Imagine your students working through a guided process to solve pressing, real-world problems. They are deeply engaged in this meaningful work, and they are about to become even more engaged as the ideas from their imaginations become actual, tangible products as they are quickly prototyped on the school’s new laser cutter. You’re happy, too, because the project they are working on meets Next Generation Science Standards and Common Core State Standards for solving authentic problems.*
Your students are following the design thinking process to tackle this challenge: Design a product that will help a parent or caregiver overcome a daily problem they face.
Students are just about to start prototyping their product ideas on the laser cutter. They have completed the following key stages of the design thinking process:
OBSERVE to UNDERSTAND
- observed their parent-caregiver clients in their day-to-day lives;
- interviewed them to build empathy by deeply understanding their situations;
- identified specific needs or challenges that students will attempt to solve.
DEFINE the CHALLENGE
- thought deeply about what they have learned from their clients;
- turned problems into solvable challenge statements;
- selected one challenge statement to pursue.
- brainstormed many potential ways to solve the challenge;
- referred to their research and to the assignment constraints to choose a number of promising options;
- further narrowed choices to select one promising idea.
PROTOTYPE and TEST
- Students have sketched their proposed products/solutions on paper, on Google Draw, or in an online design program like TinkerCad.
- They will now create initial prototypes--or rough drafts--of their products.
- Then they will test them out with end users, make improvements, and create the final products.
Your students are so ready to prototype that their excited energy almost overwhelms you!
Turning an idea from a digital design viewed on a computer screen into a physical model is powerful in the design process. Being able to hold what was before an abstract concept in your hand, turn it around, and actually try it gives you ideas on how to improve it. Or, it helps you realize it’s never going to work and you need to choose a different idea or think up a new one.
Prototyping comes in many forms and that’s an exciting aspect of making. Students can create models with cardboard, scissors, and duct tape. Or, they can print them on 3D printers. But teachers across the board who have the new DigiLab Laser Cutter say that this tool has revolutionized digital design to physical model prototyping in their makerspaces. Teachers have shared with us their top three reasons why our lasers are the all-time best tools for rapid prototyping.
3 Reasons Why the DigiLab Laser Cutter is the Best Tool for Rapid Prototyping
- Compared to traditional industrial lasers that can cost tens of thousands of dollars and require formal training, the Dremel DigiLab LC40 is accessible to students and teachers. With smart safety sensors and intuitive software interface, the DigiLab Laser Cutter is designed to be safe in the classroom and easy to use.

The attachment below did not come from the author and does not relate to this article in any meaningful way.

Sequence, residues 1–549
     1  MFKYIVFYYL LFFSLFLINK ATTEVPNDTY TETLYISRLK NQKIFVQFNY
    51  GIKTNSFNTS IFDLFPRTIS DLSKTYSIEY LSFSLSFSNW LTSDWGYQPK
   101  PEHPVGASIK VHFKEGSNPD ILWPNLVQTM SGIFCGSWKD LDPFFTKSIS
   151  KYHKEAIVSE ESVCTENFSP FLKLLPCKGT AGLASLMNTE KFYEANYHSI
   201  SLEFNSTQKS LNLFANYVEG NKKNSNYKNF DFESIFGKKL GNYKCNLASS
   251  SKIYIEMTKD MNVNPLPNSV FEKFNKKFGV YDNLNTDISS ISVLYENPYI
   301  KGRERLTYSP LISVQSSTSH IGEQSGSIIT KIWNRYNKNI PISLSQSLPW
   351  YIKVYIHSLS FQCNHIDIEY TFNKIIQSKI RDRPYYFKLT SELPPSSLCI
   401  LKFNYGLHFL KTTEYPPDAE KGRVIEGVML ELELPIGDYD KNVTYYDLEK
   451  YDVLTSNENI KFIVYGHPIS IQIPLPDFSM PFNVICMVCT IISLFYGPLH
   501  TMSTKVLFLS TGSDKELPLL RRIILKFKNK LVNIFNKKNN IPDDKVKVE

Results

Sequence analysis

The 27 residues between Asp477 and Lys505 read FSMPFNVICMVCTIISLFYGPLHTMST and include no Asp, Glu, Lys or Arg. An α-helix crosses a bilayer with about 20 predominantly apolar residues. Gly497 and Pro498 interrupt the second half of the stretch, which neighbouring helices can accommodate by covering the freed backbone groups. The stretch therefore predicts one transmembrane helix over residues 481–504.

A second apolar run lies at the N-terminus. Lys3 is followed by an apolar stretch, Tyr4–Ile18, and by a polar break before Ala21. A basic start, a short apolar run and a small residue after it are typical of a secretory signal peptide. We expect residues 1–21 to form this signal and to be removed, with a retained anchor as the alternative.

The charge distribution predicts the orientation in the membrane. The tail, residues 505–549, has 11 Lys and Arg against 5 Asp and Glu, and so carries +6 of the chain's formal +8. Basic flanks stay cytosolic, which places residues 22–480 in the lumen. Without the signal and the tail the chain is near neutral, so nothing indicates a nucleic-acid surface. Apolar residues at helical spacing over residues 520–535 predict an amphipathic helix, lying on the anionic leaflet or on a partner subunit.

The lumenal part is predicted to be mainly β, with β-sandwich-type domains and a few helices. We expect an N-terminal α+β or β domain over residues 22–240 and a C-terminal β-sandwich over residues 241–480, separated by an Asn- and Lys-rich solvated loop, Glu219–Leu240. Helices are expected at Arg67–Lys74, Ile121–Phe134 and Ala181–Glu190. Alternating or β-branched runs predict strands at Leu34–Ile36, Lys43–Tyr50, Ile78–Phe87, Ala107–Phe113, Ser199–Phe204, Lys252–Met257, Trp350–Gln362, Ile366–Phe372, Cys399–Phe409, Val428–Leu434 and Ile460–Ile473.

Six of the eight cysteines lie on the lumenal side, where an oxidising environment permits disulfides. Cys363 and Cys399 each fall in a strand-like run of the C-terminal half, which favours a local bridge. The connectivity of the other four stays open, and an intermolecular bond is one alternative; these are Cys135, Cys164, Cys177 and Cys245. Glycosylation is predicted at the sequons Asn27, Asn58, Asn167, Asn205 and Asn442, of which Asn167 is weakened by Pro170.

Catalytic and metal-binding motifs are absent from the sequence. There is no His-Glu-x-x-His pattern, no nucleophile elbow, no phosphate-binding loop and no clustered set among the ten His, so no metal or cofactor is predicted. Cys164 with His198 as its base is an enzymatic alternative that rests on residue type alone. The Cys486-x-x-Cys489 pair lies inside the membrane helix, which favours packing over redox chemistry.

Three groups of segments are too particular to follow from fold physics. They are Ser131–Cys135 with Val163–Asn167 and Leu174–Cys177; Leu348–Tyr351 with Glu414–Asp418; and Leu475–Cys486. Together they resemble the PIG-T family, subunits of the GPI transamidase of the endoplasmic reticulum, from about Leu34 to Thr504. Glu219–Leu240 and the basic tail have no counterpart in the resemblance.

- You can use a JPEG, PDF, or PNG files for engraving. For cutting, a PDF that contains vector data or SVG file type works.
- With the camera capture feature, you can directly transfer your students’ hand-drawn sketches into the machine for it to cut or engrave.
- On a laser cutter, it can take as few as 30 seconds to create a student project versus hours on a 3D printer. For a rough draft, this is key.
- You can work on up to 20 jobs while one is printing. It is conceivable to produce all of your students’ projects in one class period.
- The laser stores up to 30 past jobs on the machine. You can create one project after another and even duplicate projects without an internet connection or computer.
3. Materials Cost
- For prototypes, we love single wall corrugated cardboard! Many schools have found ways of getting cardboard donated, so the materials cost is free. There are many other materials that you can use whose settings are already loaded up in the Dremel DigiLab’s materials library.
- The DigiLab Laser Cutter has a perimeter check feature, so if you have a scrap of material or a big piece that already has cutouts, the machine can determine how to maximize the leftovers. This works for well prototyping and for final products.
Laser cutters make it possible for you to do your almost impossible job: teach students and meet standards, all while saving money. This single tool helps open up the time, motivation, and budget to try more risky (and potentially innovative) ideas and it helps students gain a more meaningful experience using the full design thinking process.
If you want to learn more about how a laser cutter can bolster design thinking skills in your students, please contact our Digilab experts.
*Design thinking projects like this one meet the following standards:
Next Generation Science Standards (NGSS) - define authentic problems, find solutions based on criteria and constraints, building and testing models
Common Core State Standards (CCSS) - Address real world problems, collaboration, use technology as communication tools, apply understanding of content in a variety of contexts.